John MacCoone Scotland research
So I can see I am not the only one here looking into John MacCoone. From my 2 days of research I have come up with the following circumstantial information. I am posting it to see what people think.
From these three postings it looks to me that McCoon is derived from McHolm (pronounced McHume)a sept of Clan Home/Hume
(My Line John MacCoone - John MacCoone - Daniel MacCoon - Elisha Coon - Bethany Coon)
Mackholme to MacCoone
Posted: 21 Jan 2001 4:48PM GMT
I have a partial copy of an article by Dr. Maynard H. Mires of Contoocook, New Hampshire, in "The Colonial Genealogist," Volume VII, Number 2, page 825. I'll quote exactly as it appears in the article:
When Donald Whyte's book ("A Dictionary of Scottish Emigrants to the U.S.A.") was published by the Magna Carta Book Company in 1972, I rushed eagerly to purchase a copy, knowing that John MacCoone must surely be there. A search through the proper alphabetical section of the book availed me nothing, however, and I was about to give up. Just by chance then I noted a John Mackholme, Royalist prisoner, transported to Massachusetts, 11 November 1651, on board the "John and Sarah." This was my man! I was doubly sure as the reference went on to mention his married [sic] to (1) Deborah Bush, 8 November 1656, and to (2) Sarah Wood, 14 June 1665. And then the children, as follows:
1. Hannah, born 31 October 1659
2. Deborah born 31 December 1661
3. Sarah, born 15 February 1663
4. Elizabeth, born 31 January 1664 (died young)
5. John, born 14 June 1666
6. Daniel, born 18 February 1668
7. Elizabeth, born 17 January 1669/70
8. Margaret, born 1671/72
9. Peter, born 27 Frebruary 1673/74
10.Samuel born 1675 [both settled in Oyster Bay, NY]
11.William, born 1677
12.Isobel, born 1679, married Edward Bliven in 1697
13.Mercy, born 1681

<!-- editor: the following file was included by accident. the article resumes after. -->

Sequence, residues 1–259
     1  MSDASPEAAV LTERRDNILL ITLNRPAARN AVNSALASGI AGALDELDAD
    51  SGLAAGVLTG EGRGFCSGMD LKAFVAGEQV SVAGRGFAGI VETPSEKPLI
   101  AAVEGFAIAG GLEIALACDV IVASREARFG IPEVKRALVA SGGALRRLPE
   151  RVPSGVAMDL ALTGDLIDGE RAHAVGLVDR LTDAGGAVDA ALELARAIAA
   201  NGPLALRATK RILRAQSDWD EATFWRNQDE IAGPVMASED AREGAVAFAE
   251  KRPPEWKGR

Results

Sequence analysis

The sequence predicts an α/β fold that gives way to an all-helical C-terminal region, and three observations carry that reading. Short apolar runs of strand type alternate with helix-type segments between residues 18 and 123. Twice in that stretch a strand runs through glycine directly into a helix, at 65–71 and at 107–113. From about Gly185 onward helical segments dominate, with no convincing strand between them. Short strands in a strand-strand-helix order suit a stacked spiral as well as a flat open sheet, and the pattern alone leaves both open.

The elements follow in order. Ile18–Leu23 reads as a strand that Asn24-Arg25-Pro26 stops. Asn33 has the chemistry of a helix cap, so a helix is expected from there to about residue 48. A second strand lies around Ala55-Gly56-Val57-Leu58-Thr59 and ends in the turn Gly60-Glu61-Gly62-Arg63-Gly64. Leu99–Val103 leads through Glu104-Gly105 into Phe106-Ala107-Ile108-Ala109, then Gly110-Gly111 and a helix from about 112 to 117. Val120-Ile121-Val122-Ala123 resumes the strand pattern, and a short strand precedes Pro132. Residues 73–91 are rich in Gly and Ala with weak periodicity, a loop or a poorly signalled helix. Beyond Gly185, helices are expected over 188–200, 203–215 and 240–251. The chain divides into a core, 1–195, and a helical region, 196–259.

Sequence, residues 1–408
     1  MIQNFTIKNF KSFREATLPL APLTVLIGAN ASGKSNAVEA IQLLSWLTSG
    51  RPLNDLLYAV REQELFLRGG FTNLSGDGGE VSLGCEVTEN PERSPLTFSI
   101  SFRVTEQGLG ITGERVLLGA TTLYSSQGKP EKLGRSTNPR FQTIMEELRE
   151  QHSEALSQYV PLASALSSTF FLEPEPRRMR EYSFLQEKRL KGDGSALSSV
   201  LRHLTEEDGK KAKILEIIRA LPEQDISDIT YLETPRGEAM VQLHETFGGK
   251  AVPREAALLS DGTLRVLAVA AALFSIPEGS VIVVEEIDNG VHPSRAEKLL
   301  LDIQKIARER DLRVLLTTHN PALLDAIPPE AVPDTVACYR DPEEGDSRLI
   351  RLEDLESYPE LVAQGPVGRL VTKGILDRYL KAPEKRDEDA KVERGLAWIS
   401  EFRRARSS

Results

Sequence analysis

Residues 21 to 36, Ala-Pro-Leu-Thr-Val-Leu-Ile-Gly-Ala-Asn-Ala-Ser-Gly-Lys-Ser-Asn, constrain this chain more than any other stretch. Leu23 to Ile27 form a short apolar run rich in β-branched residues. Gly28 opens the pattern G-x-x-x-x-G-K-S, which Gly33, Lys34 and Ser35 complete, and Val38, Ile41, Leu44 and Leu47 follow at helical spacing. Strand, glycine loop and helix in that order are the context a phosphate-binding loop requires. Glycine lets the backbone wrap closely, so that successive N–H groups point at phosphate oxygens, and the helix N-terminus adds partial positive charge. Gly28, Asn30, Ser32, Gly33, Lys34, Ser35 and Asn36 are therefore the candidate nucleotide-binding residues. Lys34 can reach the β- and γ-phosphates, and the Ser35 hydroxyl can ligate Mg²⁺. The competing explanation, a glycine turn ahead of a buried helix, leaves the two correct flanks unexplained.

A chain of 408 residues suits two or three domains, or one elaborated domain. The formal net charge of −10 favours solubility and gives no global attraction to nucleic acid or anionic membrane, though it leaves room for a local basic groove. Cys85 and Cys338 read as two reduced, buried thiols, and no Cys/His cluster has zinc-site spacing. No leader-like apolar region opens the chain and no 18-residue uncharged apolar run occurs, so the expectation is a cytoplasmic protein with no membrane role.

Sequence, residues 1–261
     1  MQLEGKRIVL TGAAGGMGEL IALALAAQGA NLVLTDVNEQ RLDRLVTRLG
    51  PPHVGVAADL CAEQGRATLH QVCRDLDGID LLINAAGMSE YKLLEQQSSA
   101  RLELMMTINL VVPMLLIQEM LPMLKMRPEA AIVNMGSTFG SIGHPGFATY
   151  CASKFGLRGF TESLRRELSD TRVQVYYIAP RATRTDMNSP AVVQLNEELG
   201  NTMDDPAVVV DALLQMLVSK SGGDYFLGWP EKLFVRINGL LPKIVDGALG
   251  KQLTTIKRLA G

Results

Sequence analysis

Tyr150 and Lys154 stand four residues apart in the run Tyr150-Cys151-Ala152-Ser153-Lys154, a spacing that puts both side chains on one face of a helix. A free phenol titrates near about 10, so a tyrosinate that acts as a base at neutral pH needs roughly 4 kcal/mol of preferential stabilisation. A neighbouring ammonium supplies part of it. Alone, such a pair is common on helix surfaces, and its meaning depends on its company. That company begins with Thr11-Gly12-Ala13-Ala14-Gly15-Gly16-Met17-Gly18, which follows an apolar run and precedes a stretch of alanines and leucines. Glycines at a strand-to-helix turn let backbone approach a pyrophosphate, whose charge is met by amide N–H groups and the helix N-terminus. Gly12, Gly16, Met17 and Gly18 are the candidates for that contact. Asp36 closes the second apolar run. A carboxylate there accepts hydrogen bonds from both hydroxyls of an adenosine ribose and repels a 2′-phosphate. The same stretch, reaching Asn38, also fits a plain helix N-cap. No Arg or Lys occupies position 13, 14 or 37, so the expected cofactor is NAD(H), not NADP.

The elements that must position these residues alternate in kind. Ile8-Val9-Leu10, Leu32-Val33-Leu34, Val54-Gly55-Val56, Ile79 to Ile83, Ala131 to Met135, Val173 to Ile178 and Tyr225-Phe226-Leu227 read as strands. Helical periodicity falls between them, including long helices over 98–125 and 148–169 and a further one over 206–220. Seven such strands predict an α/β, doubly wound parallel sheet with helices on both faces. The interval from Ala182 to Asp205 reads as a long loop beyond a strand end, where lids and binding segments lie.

Incidentally, Donald Whyte's next entry in his book is a David Mackhome [sic], Royalist prisoner, transported on the same ship to Boston, Massachusetts. Could he have been a brother?
Hope that helps.
Subject:Ship Passenger List of The "John & Sara" out of London 1651 and bound for New England with Scottish prisoners.
LAST FIRST POSSIBLE VARIATIONS
MACKHOLME John MCHOLM; MACHOLM; MACHUM
MACKHOME David MCHOLME;
“Home” pronounced “Hume” and frequently spelled in this manner, comes from the lands in Berwickshire acquired in marriage by a 13th Century descendent of the Northumbrian Earl Gospatrick, ancestor also of the Dunbars. By further marriages the Homes extended widely over the east Borderland and participated fully in its wars and forays. David Hume (1711-76), philosopher-historian and indirect inspirer of many efforts to bring logic into practical history, also John Home, minister unfrocked for producing his poetic drama Douglas in 1756, might both claim family predeccors. Lord Kames, the lawyer-philosopher, and Lady Grizel Baillie, the balladist were also from the clan. Members were sometimes described as the “Haughty Homes” because of all their lofty achievements.
Septs (edited):Holm, McHolm